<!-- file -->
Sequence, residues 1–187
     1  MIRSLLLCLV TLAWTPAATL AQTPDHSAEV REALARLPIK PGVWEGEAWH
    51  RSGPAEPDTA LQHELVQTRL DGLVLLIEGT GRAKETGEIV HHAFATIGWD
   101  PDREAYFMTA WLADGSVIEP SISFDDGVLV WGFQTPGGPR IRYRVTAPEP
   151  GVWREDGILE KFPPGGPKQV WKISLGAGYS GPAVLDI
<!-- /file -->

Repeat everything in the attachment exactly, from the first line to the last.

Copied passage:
Sequence, residues 1–187
     1  MIRSLLLCLV TLAWTPAATL AQTPDHSAEV REALARLPIK PGVWEGEAWH
    51  RSGPAEPDTA LQHELVQTRL DGLVLLIEGT GRAKETGEIV HHAFATIGWD
   101  PDREAYFMTA WLADGSVIEP SISFDDGVLV WGFQTPGGPR IRYRVTAPEP
   151  GVWREDGILE KFPPGGPKQV WKISLGAGYS GPAVLDI